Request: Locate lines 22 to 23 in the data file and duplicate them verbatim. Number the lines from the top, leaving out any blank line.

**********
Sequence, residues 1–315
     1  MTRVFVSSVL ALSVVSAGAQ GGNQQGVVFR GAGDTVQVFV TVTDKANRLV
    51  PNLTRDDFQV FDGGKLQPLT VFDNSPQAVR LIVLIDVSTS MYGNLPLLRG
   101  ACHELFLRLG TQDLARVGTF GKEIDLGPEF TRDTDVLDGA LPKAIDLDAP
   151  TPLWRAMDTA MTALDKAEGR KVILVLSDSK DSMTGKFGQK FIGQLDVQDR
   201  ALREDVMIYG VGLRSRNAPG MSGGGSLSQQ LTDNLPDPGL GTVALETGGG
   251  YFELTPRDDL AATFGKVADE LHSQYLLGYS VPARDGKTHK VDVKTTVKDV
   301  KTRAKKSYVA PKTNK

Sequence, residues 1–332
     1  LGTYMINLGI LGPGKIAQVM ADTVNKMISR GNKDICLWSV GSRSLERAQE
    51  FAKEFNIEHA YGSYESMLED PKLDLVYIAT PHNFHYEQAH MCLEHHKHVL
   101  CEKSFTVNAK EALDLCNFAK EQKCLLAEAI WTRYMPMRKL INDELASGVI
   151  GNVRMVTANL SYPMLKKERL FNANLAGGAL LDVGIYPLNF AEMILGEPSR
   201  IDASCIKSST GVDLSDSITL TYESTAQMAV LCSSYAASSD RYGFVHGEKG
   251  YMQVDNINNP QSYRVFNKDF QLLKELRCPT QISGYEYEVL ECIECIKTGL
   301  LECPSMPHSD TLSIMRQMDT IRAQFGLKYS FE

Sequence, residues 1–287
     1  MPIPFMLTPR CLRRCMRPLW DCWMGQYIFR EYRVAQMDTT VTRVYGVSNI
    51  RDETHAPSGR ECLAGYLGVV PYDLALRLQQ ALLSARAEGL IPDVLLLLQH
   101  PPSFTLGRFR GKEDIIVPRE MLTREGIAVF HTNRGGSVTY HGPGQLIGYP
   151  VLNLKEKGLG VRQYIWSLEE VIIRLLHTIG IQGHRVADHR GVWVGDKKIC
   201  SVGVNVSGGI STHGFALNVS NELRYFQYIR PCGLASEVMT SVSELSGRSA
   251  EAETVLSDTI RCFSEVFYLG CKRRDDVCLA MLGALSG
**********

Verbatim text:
   201  SVGVNVSGGI STHGFALNVS NELRYFQYIR PCGLASEVMT SVSELSGRSA
   251  EAETVLSDTI RCFSEVFYLG CKRRDDVCLA MLGALSG